Your Chronic Pain Might Be Caused By Your Negative Mindset, New Study Finds
Going abroad on a military assignment is always a very tough experience for soldiers, but a new study has discovered that those soldiers who leave with a high level of optimism tend to experience lesser chronic pains on their assignments compared to those of their colleagues who leave with a more pessimistic mindset.
According to this study which observed soldiers who had been sent to either Iraq or Afghanistan in the past, the proportion of soldiers who reported to have left for deployment with a pessimistic mindset were 35% more inclined to report pain issues after returning from their assignments, including back pain (which they had seldom experienced before), pain in their joints, or headaches on a frequent basis.
Even After Injury
Further support for this argument comes from the fact that the soldiers who left with a positive frame of mind, and who also experienced injury in combat or at least fought in combat, still reported that they did not experience such chronic pains upon their return.
The study controlled for various other factors such as demographics of the soldiers, their background in education, their marital status, and also the rank of the solider in the military. Regardless of these factors, the study still reached the conclusion that the impact of having a positive and optimistic mindset could not be ignored considering the significant impact it seemed to have on the post-assignment lives of soldiers.
Where Does This Optimism Come From?
While you may think that such optimism comes from the soldiers due to their innate qualities and personalities, these are not necessary prerequisites.
According to Afton Hassett, who is one of the lead researchers on this study and also an associate researcher at the University of Michigan, Ann Arbor, while it is completely natural for some soldiers to not be entirely positive when it comes to the idea of deployment, perhaps they can be trained to have a more positive outlook of the kind of experience they will have there.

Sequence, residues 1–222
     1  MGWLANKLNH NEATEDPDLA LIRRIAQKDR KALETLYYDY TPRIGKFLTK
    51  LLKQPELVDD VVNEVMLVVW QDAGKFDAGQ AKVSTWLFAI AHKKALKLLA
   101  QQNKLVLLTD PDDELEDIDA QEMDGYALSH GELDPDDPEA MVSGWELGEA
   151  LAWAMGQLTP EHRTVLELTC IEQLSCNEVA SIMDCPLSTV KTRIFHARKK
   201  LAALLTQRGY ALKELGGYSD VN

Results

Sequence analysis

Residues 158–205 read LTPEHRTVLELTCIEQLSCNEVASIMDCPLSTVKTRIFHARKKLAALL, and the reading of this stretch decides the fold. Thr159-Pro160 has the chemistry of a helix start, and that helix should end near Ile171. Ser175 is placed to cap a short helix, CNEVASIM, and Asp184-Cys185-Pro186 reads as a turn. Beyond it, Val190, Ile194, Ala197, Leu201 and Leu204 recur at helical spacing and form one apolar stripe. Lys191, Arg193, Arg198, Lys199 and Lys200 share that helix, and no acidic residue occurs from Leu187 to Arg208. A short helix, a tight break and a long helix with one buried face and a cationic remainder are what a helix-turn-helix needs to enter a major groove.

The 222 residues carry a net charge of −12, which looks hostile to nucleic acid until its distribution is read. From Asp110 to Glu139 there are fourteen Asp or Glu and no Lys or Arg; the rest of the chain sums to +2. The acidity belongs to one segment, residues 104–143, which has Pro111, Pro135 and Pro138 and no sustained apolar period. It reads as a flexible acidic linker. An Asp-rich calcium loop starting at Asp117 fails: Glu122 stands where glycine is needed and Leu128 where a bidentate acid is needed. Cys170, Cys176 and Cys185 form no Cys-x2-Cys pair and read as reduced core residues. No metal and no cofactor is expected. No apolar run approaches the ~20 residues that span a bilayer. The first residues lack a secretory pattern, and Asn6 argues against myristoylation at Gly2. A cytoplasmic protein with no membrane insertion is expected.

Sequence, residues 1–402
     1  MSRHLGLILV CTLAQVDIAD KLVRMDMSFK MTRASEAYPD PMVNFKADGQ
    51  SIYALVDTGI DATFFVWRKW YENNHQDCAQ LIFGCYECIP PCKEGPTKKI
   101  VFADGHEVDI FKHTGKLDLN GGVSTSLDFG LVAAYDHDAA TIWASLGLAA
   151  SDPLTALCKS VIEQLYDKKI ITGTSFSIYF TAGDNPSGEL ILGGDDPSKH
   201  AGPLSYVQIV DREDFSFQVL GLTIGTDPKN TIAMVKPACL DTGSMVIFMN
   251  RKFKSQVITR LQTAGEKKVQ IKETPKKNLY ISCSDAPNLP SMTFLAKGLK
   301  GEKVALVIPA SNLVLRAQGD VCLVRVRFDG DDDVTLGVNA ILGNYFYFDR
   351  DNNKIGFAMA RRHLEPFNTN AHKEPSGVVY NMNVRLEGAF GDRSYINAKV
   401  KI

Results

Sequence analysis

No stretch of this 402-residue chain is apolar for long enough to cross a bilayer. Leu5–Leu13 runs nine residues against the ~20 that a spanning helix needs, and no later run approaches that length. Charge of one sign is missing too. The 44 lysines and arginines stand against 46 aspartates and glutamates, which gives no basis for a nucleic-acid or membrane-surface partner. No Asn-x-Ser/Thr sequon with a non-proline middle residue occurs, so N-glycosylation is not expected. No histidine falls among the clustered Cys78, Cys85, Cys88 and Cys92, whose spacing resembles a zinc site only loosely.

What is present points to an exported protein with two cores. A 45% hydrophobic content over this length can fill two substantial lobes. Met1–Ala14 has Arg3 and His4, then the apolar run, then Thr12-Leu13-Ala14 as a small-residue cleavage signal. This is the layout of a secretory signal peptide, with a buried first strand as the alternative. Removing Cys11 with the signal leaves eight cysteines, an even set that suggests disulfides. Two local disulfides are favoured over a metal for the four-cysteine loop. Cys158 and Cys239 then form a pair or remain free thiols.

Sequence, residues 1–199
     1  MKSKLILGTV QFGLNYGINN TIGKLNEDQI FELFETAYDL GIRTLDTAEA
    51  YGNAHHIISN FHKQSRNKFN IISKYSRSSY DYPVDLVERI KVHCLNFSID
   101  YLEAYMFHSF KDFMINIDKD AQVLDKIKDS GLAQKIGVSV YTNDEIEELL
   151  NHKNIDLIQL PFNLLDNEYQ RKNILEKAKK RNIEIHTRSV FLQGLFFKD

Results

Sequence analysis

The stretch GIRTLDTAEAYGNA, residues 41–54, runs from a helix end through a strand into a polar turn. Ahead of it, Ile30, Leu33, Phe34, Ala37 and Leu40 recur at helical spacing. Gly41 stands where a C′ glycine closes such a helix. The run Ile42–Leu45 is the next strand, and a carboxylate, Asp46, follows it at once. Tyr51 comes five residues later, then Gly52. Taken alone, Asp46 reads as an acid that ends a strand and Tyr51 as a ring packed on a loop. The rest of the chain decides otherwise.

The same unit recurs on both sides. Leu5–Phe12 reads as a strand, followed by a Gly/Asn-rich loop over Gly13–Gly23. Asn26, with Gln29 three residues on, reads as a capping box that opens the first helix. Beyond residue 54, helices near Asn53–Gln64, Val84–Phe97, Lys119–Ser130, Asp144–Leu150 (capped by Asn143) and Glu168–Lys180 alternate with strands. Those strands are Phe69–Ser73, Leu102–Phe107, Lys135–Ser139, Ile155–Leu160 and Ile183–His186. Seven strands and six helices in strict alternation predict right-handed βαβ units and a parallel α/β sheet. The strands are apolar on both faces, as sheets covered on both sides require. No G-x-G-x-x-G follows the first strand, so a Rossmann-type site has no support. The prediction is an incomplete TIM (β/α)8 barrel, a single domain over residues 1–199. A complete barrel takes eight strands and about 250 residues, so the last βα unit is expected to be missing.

According to Hassett, the recommended way forward is to perhaps first identify soldiers who have a low level of optimism about their upcoming assignment, and then to possibly enroll them in programs designed to instill a more optimistic outlook within them.
This recommendation comes from Hassettâ€™s belief that cognitive behavioral therapy can be effective in teaching positivity to otherwise negative-thinking people, because, as per her analysis, false beliefs which are negative in nature give birth to a pessimistic mindset, and the only way to counter such pessimism is to counter such false beliefs.
An Extensive Study
The study worked with data obtained from around 20,734 soldiers enlisted in the US Army, and a staggering 37% of the sample audience reported that they had developed a new pain area within their body after returning from their assignment.
To check for the level of optimism within soldiers, all of them were provided with questionnaires before they departed to their assignment, and the questions were structured in a 5-point rating scale format to analyze the level of optimistic viewpoints they held before leaving.
To ensure that the results of this study remained accurate, those soldiers who reported to having already-existent chronic pains were not included as part of the study. Also, researchers also took into account other factors which could possibly contribute to chronic pain in soldiers, including the level of combat and the intensity they faced and the number of traumatic experiences they had.
Keeping all of these factors in check, the resulting figures showed that out of all the deployed soldiers, upon returning, 25% reported a back pain they did not have before, 24% said they had a joint pain which did not exist prior to their assignment, and 12% said they were experiencing headaches rather frequently which did not use to happen before.
But the findings of this study are not limited to the military. According to Hassett, there seems to be a universal connection between chronic pain and the level of pessimism in a person, an argument which has found support in the scientific community. Addressing these underlying factors which are causing pessimism can certainly become part of the treatment for chronic pains, however, more research into that is certainly needed.
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